All in all, I found The Eye of the Crystal Ball to be a good story with lots of potential, but in need of more details and dialogue.
Posted October 19, 2011
My Review: The Eye of the Crystal Ball is a young adult fantasy novel and if you like to read about Gypsies, witches, dragons, fortune tellers, werewolves, unicorns, and goblins then this is one to read.
As Sara journey off with her friend Manolo to find a cure for her baby brother she encounter obstacles and creatures along the way.
Despite a few grammatical errors and editing issues, this book is sure to satisfy your imagination with fantasy and adventure. The characters are all worth reading about, as they draw the reader into the novel that you couldn't help but turn each page to read more for example, Abigail the ten-foot speed talking snail. This book will be great for young adults who love to read fantasy.
FTC Disclosure: I received a review copy of this book from the author in exchange for a fair and honest review. I was not monetarily compensated for my opinion in any way.
Posted August 17, 2011
Wow! I was completely blown away with this story! It was so much more than I expected after reading the description. I felt like a kid again because this book is full of magical words all combines to make an amazing story. Gypsies, dragons, elves, witches, fortune tellers, unicorns, werewolves, goblins, and much much more. The way this book is written I felt like I was reading a fairy tale. Each chapter was exciting and new, with different characters and descriptions. You can't help but love Sara and her 'friends'. Just a warning...there were quite a few grammatical errors. Places that needed corrected punctuation, words not used in the correct way, and typo's. I just plowed right past them because the story wouldn't let me go. The author is from Denmark so I have a feeling that is part of the reason and I can accept that.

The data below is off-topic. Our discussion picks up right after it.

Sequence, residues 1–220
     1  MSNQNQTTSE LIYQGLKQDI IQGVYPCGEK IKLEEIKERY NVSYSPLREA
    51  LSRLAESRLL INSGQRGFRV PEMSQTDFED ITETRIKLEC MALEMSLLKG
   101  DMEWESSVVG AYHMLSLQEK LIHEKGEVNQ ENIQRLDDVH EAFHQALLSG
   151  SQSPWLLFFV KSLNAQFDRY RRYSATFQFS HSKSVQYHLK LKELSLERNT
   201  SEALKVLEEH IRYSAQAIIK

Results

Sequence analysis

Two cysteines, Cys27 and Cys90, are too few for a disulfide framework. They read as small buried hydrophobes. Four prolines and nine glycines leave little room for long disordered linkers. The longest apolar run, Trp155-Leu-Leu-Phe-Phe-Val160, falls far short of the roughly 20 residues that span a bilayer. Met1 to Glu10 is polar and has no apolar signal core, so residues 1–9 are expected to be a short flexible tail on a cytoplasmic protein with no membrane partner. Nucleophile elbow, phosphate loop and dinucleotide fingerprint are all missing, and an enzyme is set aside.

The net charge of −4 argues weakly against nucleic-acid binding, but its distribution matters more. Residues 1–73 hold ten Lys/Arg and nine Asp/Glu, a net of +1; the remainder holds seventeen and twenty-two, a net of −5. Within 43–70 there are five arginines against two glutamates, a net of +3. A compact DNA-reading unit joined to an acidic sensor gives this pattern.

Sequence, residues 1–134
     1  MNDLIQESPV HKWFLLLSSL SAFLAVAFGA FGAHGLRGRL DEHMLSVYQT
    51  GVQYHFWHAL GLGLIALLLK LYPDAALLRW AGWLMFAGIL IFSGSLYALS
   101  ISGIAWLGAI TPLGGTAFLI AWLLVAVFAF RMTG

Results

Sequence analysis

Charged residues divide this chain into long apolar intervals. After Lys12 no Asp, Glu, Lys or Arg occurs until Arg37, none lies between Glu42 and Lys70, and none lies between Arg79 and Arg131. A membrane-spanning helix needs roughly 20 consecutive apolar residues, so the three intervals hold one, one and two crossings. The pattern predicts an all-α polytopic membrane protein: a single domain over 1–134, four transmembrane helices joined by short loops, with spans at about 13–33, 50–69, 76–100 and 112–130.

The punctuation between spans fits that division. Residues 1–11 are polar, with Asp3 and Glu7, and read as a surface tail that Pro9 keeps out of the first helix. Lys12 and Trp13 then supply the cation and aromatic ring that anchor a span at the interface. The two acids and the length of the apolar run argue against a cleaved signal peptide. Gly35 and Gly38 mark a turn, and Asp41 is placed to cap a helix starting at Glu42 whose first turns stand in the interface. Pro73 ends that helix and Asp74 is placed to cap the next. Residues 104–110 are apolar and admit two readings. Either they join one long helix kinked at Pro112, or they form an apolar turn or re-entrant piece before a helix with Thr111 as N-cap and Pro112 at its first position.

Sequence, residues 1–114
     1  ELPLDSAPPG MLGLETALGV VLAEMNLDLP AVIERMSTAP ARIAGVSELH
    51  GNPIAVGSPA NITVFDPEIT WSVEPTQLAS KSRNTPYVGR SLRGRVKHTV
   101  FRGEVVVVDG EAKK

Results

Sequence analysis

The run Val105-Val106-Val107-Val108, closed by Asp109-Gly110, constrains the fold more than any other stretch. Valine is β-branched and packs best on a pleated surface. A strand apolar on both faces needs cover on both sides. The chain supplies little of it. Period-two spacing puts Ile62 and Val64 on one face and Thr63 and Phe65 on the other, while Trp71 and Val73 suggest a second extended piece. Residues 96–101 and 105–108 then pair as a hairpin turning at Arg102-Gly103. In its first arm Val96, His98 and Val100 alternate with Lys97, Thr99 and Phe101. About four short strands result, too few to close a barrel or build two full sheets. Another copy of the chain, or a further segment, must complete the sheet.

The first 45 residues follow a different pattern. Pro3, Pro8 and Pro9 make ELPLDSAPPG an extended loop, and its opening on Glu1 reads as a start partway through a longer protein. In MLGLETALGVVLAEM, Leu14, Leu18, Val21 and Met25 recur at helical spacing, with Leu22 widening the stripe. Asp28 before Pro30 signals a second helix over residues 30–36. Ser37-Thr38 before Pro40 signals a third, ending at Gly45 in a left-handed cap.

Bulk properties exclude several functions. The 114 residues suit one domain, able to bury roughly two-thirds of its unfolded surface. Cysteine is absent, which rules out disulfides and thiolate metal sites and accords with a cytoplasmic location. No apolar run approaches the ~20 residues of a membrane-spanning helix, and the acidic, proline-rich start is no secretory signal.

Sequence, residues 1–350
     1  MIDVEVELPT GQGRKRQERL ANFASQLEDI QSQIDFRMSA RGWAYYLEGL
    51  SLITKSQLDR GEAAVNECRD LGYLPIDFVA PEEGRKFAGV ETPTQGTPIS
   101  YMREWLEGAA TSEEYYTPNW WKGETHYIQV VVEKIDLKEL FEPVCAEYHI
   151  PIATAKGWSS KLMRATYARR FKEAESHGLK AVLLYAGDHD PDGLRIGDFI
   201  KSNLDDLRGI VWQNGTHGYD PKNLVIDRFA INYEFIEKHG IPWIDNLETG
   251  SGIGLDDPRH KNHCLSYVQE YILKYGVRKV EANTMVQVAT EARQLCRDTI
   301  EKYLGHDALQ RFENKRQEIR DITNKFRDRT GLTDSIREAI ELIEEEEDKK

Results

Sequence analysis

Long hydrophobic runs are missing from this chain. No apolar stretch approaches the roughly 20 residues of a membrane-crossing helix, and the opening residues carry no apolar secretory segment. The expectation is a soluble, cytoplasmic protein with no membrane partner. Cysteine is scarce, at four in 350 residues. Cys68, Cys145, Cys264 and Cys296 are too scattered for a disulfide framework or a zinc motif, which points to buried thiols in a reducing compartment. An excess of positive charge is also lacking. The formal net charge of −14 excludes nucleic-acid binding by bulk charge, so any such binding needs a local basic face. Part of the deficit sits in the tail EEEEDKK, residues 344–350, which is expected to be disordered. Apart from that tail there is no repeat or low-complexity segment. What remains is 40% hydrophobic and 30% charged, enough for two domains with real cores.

Sara is born to gypsy parents, but with the war going on, she is left upon the doorstep of childless couple Mr. and Mrs. Schnieder. Mr. and Mrs. think their dream of a baby has finally come true! They give Sara a good life, but no matter what she just doesn't fit in and no one understands her. As a result of her being so different, a teacher gives her a book to read. That was all it took...one book and Sara was in love. One day after the war is over Sara's parents show up to take her back and introduce her to the wonderful, magical world they live in. Sara has big shoes to fill as she is prophesied to be the next great sorceress. Just when she is finally starting to feel like she is finally where she belongs, a long comes a baby brother. After he becomes ill, Sara goes on a quest with her friend Manolo to find the eye of the crystal ball to find the way to save him. Along the way, Sara also learns some life lessons about pride, vanity, greed and how to fight the negative and keep the positive in her life and why it is so important. There were ups and downs throughout the journey and many times Sara's strength and values were tested.
"There are many different passions as there are people but Sara's had always been books. If you have never spend whole afternoon forgetting the world around you over a book, forgetting even cold and hunger. if you have never read under the bedclothes with a flashlight, because your father or mother or someone else told it was time to sleep and turned off the light. If you have never wept bitter tears because a wonderful story had come to an end and you had to say goodbye to the characters with whom you have shared so many adventures and ups and downs with, whom you have loved so deeply and hoped and feared with. If such things have never been a part of your life, you probably wouldn't understand what Sara did next."
If you are a fan of YA fantasy adventure books or would like a easy, fun, enjoyable read, adult or child, go ahead and pick this one up. You won't be disappointed. I can't wait to read this to two of my step-daughters (who are 8 and 11)because I know they would love this story.
Posted August 2, 2011